Leading up to the effective date, restaurant owners may want to anticipate and prepare for possible supply chain disruptions.

California has a new PFAS law that affects all businesses involved in the sale of food packaging and cookware, including restaurants. All California restaurants must come into compliance with the food packaging by January 1, 2023 and the cookware requirements by January 1, 2024.

PFAS are a class of human-made fluorinated organic chemicals that share one common trait—highly stable carbon-fluorine bonds that make them or their final degradation products extremely persistent in the environment. PFAS have been used extensively for decades in surface coating and protectant formulations for their unique ability to reduce the surface tension of liquids, including in consumer products designed to be waterproof or water resistant, grease and stain-resistant, or non-stick. Teflon is one of the older but most well-known of these non-stick chemicals, the main chemical of which is currently polytetrafluoroethylene (PTFE), a polymer form of PFAS.

A route of exposure to PFAS is through ingestion of contaminated food or liquid (accounting for up to half of total exposure), as well as through inhalation and ingestion

of contaminated indoor air and dust. Thus, the focus of lawmakers on food packaging and cookware.

As of October 5, 2021 California has a new law, Assembly Bill No. 1200, or AB 1200, “would prohibit … any person from distributing, selling, or offering for sale in the state any food packaging that contains regulated perfluoroalkyl and polyfluoroalkyl substances or PFAS.” Similarly, the law bans the sale and distribution of cookware that contains certain PFAS chemicals in the handle of the product or in any product surface that comes into contact with food, foodstuffs, or beverages unless new labeling and disclosure requirements are met.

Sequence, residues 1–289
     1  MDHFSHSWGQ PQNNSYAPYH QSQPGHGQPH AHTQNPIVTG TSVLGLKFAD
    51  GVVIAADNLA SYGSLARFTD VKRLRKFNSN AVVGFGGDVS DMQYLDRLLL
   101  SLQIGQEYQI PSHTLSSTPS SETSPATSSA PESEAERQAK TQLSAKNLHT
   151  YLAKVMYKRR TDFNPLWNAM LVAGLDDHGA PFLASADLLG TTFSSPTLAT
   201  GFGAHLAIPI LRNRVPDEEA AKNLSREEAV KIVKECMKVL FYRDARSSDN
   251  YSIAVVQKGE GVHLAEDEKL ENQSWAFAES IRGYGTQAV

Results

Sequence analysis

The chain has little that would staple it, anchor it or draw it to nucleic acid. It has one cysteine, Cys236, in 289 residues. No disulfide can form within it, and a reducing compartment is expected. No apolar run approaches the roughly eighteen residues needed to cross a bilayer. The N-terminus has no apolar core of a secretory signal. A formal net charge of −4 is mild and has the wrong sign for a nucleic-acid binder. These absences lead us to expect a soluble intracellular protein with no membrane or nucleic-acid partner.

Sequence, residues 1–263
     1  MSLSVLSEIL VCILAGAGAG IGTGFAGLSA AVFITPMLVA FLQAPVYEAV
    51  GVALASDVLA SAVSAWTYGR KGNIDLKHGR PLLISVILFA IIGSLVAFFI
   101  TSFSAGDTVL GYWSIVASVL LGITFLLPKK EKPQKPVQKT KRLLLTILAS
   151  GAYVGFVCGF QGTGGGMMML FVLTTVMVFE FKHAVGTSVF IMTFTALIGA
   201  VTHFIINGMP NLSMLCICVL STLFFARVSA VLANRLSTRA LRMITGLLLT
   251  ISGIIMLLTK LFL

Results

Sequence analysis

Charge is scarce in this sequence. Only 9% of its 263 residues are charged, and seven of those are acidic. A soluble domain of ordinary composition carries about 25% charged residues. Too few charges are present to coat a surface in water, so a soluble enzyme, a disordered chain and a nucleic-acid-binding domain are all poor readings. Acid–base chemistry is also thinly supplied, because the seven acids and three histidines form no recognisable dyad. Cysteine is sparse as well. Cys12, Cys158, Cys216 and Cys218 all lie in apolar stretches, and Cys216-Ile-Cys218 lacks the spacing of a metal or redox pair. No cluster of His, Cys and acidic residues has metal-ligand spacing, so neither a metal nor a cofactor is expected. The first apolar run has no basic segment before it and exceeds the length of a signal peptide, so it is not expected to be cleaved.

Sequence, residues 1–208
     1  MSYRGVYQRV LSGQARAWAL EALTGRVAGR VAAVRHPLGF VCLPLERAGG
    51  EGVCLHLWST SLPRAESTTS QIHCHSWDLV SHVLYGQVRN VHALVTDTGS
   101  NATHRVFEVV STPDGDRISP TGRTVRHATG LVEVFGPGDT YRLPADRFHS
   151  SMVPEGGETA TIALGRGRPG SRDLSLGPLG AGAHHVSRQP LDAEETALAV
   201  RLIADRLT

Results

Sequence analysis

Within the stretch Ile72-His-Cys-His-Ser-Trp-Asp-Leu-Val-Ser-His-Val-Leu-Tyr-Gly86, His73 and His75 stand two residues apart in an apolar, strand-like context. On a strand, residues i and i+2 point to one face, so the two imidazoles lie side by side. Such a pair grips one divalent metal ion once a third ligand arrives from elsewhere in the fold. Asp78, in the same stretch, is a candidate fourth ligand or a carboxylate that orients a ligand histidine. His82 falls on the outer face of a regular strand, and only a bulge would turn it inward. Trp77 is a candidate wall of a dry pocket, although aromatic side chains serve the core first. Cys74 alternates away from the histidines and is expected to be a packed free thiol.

The primary responsibility for compliance with this new law falls on manufacturers. However, restaurants and retailers are prohibited from sale and distribution of food packaging and cookware that does not meet this new law’s requirements and thus also have responsibilities to comply.


Manufacturers are any person or entity that manufactures the food packaging or cookware, or the brand owner whose name appears on the label of same goods manufactured by others. While everyone is covered by the general prohibition of sale and distribution of any food packaging that contains regulated perfluoroalkyl and polyfluoroalkyl substances or PFAS after January 1, 2023, manufacturers have special additional duties.

Manufacturers will be required to replace any PFAS in their food packaging products with the “the least toxic alternative.” The method by which manufacturers are to select the “least toxic alternative” are not specified. There are several alternative analysis models which are variable and weight factors, such acute and chronic toxicity differently and could lead to widely disparate results in the selection of “least toxic alternative.” While the requirement is self-enforcing, the ultimate arbiter of whether the “least toxic alternative” is a sound one may be in a battle of the experts in private citizen suit litigation. The range of food packaging products for which this “least toxic alternative” determination must be made is broad and “a nondurable package, packaging component, of food service ware, that is comprised in substantial part, of paper, paperboard, or other materials originally derived from plant fibers.”

Manufacturers of cookware will be prohibited from sale or distribution of cookware containing PFAS in California unless specific disclosure and labeling requirements are met. “Cookware” is defined as “durable houseware items that are used in homes and restaurants to prepare, dispense, or store food, foodstuffs, or beverages …”